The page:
Even President Obama's blunt declaration on Friday that the United States "tortured some folks" in the years after the 9/11 attacks was not enough to get many of the country's top media outlets to abandon their practice of euphemistically referring to torture as something else.
Obama's statement was hardly his first use of the term, and it prompted several immediate questions (such as why his administration has not prosecuted anybody for the torture he admits happened). But it also raised an issue for journalists: if the president of the United States can call torture by its real name, why can't they?
By now, the story of the media's hesitancy around the term "torture"—at least when it applies to American actions—is well-known. So is the fact that elite outlets began finding new terms to describe practices they once labeled torture right around the time that the Bush administration began insisting that it wasn't torturing anyone. That shift is still firmly in place.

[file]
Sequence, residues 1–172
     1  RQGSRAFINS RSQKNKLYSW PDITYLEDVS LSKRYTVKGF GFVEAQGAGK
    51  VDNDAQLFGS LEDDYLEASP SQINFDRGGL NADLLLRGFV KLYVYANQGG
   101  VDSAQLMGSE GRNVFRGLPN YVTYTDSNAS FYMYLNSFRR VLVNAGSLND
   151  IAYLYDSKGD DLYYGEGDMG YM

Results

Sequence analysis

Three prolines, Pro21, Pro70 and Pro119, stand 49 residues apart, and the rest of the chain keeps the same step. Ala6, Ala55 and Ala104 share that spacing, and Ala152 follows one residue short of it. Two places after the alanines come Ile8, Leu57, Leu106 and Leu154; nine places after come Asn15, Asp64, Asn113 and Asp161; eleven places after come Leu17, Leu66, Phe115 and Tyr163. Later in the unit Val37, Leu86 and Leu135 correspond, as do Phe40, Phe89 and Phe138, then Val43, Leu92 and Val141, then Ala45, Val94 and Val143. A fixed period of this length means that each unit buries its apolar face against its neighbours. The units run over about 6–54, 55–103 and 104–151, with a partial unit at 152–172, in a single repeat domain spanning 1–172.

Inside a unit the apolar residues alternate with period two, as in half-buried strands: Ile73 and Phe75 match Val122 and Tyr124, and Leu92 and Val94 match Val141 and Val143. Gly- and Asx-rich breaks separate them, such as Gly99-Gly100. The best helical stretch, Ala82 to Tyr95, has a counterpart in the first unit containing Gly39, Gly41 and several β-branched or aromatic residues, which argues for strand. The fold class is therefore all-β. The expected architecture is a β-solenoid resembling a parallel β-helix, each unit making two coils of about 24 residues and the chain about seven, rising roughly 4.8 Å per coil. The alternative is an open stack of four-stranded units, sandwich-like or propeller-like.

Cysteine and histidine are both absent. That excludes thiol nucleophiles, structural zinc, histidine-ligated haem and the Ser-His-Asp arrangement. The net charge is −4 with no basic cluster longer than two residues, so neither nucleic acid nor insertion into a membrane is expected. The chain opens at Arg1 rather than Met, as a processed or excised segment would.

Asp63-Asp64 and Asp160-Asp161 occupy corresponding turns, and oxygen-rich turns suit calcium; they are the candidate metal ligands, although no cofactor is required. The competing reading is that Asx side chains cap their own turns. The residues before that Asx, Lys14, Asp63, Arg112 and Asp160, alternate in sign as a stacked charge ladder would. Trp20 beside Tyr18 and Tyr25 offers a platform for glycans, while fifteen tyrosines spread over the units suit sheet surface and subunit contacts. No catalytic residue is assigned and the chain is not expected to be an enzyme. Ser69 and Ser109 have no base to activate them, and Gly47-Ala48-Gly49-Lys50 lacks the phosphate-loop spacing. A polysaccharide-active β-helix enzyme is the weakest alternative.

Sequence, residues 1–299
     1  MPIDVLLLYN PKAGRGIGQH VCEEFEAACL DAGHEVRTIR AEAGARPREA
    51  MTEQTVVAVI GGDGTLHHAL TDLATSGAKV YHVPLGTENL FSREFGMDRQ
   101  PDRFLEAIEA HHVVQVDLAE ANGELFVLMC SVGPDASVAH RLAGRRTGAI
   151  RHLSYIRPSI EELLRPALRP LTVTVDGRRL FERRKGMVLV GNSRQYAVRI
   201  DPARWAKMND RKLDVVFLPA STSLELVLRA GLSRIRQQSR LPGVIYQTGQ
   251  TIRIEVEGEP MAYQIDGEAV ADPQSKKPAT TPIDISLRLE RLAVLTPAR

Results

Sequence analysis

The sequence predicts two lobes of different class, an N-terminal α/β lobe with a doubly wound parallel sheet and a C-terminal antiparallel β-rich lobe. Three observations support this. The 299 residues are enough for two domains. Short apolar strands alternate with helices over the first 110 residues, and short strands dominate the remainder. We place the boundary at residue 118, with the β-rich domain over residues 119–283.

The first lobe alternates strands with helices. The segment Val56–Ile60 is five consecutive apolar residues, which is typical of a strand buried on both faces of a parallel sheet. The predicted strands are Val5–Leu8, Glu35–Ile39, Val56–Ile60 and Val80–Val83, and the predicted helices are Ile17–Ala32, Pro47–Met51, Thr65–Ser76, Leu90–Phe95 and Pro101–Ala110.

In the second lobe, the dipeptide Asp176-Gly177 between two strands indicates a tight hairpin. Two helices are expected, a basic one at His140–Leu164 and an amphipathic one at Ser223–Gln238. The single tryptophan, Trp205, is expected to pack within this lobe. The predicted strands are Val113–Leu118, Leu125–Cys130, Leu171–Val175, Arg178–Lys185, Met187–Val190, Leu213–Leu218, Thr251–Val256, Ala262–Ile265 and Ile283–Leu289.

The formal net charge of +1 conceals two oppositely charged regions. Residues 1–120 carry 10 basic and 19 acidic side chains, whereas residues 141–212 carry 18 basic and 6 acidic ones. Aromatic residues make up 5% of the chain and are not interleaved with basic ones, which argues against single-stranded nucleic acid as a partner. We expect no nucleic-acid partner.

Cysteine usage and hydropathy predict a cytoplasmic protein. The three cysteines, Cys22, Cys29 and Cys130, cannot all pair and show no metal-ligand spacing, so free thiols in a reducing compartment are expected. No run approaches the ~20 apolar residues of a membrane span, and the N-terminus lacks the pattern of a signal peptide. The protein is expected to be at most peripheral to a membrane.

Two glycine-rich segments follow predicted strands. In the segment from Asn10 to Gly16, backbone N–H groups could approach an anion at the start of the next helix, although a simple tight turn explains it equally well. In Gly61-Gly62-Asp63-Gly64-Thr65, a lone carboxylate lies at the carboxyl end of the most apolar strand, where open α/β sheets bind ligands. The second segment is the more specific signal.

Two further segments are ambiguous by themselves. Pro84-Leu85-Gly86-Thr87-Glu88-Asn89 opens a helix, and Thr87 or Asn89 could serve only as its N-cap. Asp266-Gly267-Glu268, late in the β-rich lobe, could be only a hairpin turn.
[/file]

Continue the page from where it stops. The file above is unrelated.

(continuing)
Many of the press reports about Obama's comments avoided using the term when they weren't quoting him directly. The New York Times referred to "brutal interrogation" and "the conduct of some in the intelligence community." The Los Angeles Times wrote that Obama had "acknowledged the CIA’s use of brutal interrogation tactics" and also, in something of an understatement, mentioned "sometimes-grisly tactics." USA Today used the phrases "enhanced interrogation techniques" and "disputed interrogation techniques."
Other outlets, such as the Associated Press, split the difference, going back and forth between using the word and using euphemisms:
The United States tortured al Qaida detainees captured after the 9/11 attacks, President Obama said Friday, in some of his most expansive comments to date about a controversial set of CIA practices that he banned after taking office.